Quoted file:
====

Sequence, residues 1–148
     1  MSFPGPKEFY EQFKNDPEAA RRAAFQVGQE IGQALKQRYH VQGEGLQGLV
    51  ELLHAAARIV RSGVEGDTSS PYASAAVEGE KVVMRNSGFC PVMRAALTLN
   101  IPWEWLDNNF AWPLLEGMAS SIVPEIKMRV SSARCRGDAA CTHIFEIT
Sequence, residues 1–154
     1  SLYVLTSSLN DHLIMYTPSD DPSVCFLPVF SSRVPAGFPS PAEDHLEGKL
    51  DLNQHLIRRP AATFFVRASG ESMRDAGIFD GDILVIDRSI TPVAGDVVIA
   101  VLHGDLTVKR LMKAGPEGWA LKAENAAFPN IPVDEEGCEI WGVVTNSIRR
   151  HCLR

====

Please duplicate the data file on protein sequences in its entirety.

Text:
Sequence, residues 1–148
     1  MSFPGPKEFY EQFKNDPEAA RRAAFQVGQE IGQALKQRYH VQGEGLQGLV
    51  ELLHAAARIV RSGVEGDTSS PYASAAVEGE KVVMRNSGFC PVMRAALTLN
   101  IPWEWLDNNF AWPLLEGMAS SIVPEIKMRV SSARCRGDAA CTHIFEIT
Sequence, residues 1–154
     1  SLYVLTSSLN DHLIMYTPSD DPSVCFLPVF SSRVPAGFPS PAEDHLEGKL
    51  DLNQHLIRRP AATFFVRASG ESMRDAGIFD GDILVIDRSI TPVAGDVVIA
   101  VLHGDLTVKR LMKAGPEGWA LKAENAAFPN IPVDEEGCEI WGVVTNSIRR
   151  HCLR